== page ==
But we need to put our hands together as a country and collectivity to further the cause of prosperity and progress. There are no 'trade-offs' between democracy and development. If we are having a degree of development in this country today, it is because democracy has been kept alive and the people provided the treasured option of using peaceful means of changing governments. Democratic freedoms have enabled us to choose between political parties and personalities offering different paths to progress. When one path visibly fails, we have the freedom of choosing another. Thus has our democratic heritage stood us in good stead. We need to protect it against enemies, both internal and external.

Today is World Press Freedom Day:

Importance of Development Journalism

As a tool for social justice, development journalism can be very valuable. By speaking for those who cannot, a development journalist can inform the rest of the country about important national issues confronted by the nation. Looking at the strengths and weaknesses of the country may also help identify ways in which the nation can be helped. Thus, this style of journalism is a tool for empowerment of the ordinary people to improve their own lives,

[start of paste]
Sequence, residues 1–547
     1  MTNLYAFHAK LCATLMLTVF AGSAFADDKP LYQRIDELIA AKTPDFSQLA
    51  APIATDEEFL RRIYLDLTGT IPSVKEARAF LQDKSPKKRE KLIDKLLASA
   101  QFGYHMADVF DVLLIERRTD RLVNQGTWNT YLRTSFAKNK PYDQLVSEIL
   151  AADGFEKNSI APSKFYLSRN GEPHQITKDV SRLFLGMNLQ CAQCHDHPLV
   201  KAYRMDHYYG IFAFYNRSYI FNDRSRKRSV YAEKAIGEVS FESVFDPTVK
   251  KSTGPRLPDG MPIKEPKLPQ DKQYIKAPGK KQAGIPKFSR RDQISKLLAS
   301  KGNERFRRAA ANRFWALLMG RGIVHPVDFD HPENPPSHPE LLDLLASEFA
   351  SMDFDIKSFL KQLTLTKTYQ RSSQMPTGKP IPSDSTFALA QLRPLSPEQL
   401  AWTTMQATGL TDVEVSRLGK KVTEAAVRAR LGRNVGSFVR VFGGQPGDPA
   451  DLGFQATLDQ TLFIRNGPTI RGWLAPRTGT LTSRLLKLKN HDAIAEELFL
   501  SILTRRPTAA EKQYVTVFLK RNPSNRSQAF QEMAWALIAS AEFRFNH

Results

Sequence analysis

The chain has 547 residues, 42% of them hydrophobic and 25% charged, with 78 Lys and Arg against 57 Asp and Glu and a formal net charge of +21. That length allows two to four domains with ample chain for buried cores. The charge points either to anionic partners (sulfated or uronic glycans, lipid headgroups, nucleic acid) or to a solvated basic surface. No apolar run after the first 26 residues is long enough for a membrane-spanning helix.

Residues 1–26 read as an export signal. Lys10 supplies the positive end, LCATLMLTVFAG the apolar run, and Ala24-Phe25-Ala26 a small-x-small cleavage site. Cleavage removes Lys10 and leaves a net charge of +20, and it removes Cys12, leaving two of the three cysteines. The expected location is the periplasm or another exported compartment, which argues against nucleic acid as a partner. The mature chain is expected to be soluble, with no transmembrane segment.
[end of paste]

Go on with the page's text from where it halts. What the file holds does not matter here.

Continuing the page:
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Socio-economic scene:

Migrant worker issues

While the international day of workers was celebrated almost everywhere on May1st, Sri Lankan migrant workers (mostly domestic workers) in Lebanon joined migrant workers from Ethiopia, the Philippines, Nepal, Sudan and many other countries in a May Day parade held in Beirut last Sunday – since they only get Sunday off.

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World Press Freedom Day - its genesis

UNESCO marks World Press Freedom Day by conferring the UNESCO/Guillermo Cano World Press Freedom Prize on a deserving individual, organization or institution that has made an outstanding contribution to the defence and/or promotion of press freedom anywhere in the world, especially when this has been achieved in the face of danger,

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In Focus:

Some voices to heed

 “I categorically refuse to use the word ‘driver’ to qualify the designation of the man sitting in the driver's seat. To call him a driver would surely imply that he knew the appropriate (even minimum) legal requirements of the Highway Code, and possessed the practical skills required to carry the public on the road”.